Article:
Culture

QuantUM offers production in honor of Black History Month

Art that stands for something, art that makes a statement, is what QuantUM Entertainment is trying to make with their theatrical production of Ma Rainey’s Black Bottom. The production will take place in association with Black History Month.

The August Wilson-penned play is “a riveting portrayal of black rage…of racism, of the self-hate that racism breeds, and of racial exploitation. The central conflict stems from the head-on collisions that occur as the artist struggles to define their identity in a society that pressures them to conform,” said directors Kemy Joseph and Xavier Morendo.

At first glance, one might think that this is a play about racism simply between blacks and whites. According to Shaun Brown, the actor who plays the protagonist, Levee, that is not the case.

“In actuality, the play is about the inter-racism of blacks against blacks,” said Brown. “It’s a fight between the idea of moving forward, and clinging to traditions and customs that held people back.”

Brown, a senior BFA acting student, is one of 10 actors, two directors and numerous other crew members who have dedicated countless hours of time and effort to bring this story to life. Each actor has walked away with a different life perspective from the show.

“If there is one thing students should take away from seeing this show, it’s this,” said Shaneequa Cannon, who plays Ma Rainey. “Just because we have a black president doesn’t mean everything has changed. Yes, we’ve progressed much farther since the time of this play, but prejudice still exists not only in the form of racism, but also sexism as well as differences in economic class, and more. We need to continue to be open minded, and to not forget where we have come from. We must understand the past in order to change the future.”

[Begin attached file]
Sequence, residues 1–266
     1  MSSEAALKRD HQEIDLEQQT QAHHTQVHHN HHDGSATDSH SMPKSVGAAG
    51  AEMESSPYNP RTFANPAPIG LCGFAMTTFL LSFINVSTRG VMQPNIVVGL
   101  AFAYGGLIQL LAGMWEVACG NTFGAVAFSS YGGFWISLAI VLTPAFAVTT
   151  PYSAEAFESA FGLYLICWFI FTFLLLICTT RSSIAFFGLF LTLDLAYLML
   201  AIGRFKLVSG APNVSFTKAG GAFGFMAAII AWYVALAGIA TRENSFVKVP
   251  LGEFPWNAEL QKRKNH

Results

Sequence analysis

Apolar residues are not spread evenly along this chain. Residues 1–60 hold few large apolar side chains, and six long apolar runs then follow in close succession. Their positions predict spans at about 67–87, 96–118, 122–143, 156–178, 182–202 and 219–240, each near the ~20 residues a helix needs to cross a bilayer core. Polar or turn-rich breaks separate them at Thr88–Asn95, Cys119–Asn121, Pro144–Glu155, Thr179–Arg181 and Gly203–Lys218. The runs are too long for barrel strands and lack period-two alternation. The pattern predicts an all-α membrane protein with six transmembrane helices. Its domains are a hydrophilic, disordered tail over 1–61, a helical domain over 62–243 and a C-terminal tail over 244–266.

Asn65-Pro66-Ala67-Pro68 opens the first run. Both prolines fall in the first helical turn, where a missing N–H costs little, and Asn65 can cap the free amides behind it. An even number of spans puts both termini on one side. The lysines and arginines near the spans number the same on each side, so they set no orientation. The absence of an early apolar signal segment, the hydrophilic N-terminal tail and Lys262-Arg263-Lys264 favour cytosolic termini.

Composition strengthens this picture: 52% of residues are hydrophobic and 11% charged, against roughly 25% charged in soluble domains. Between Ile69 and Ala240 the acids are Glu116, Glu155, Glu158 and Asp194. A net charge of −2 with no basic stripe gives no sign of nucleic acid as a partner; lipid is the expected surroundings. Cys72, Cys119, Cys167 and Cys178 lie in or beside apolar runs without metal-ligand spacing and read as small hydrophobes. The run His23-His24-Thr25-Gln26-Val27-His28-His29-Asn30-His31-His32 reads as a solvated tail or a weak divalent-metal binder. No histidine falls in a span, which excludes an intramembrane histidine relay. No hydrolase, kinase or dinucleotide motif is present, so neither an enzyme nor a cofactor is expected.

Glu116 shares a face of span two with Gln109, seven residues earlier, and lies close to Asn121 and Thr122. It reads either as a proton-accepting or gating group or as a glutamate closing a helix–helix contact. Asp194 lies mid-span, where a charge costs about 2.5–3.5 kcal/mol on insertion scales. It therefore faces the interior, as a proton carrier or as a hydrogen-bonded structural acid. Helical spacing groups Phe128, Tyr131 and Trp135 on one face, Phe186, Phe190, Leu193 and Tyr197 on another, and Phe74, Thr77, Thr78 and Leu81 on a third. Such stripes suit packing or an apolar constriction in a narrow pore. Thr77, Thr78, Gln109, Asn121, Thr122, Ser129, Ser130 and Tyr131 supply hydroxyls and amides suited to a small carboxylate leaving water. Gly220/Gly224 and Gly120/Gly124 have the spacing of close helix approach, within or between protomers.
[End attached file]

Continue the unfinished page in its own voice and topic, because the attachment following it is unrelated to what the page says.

Others see the play as a reminder to students of how good they really have it.

“No matter who you are nowadays, if you’re going to a school like the University of Miami, you’re obviously not that disadvantaged. Everyone always wants to complain about all the stupid stuff in our lives,” said senior Brandon Linkse, whose policeman character represents white society’s view of blacks. “But when you look at it in comparison to the lives these people were forced to lead merely because of their skin color, you should realize that ‘wow, I have it good compared to what they had to go through back then.'”

Ma Rainey’s Black Bottom is part of QuantUM’s effort to bring more thought-provoking pieces to the University of Miami campus. It started with last spring’s productions of I Never Saw Another Butterfly, a play based on real children that lost everything and everyone in the Holocaust. Next month, they will also offer The Vagina Monologues in honor of Women’s History Month.

Ma Rainey’s Black Bottom opens this Wednesday night at 8 p.m. at the Hillel Jewish Student Center on campus. It’s free for all students with a Cane Card.

For more information, email MaRaineyUM@gmail.com

If You Go

What: Ma Rainey’s Black Bottom

Where: UM Hillel

When: Feb. 25, 26, 28. Doors open at 7:30 p.m. Show starts at 8:00 p.m.

Cost: Free

February 22, 2009

Reporters

Jenna King

Contributing Columnist


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